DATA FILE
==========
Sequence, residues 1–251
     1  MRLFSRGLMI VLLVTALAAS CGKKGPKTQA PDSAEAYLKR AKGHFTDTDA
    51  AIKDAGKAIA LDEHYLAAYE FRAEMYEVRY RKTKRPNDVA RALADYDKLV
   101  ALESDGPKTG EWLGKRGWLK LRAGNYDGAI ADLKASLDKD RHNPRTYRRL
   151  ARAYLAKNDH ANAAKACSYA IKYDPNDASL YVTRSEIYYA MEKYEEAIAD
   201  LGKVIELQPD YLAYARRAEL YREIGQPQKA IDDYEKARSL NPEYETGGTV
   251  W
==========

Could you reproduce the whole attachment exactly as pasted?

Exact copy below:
Sequence, residues 1–251
     1  MRLFSRGLMI VLLVTALAAS CGKKGPKTQA PDSAEAYLKR AKGHFTDTDA
    51  AIKDAGKAIA LDEHYLAAYE FRAEMYEVRY RKTKRPNDVA RALADYDKLV
   101  ALESDGPKTG EWLGKRGWLK LRAGNYDGAI ADLKASLDKD RHNPRTYRRL
   151  ARAYLAKNDH ANAAKACSYA IKYDPNDASL YVTRSEIYYA MEKYEEAIAD
   201  LGKVIELQPD YLAYARRAEL YREIGQPQKA IDDYEKARSL NPEYETGGTV
   251  W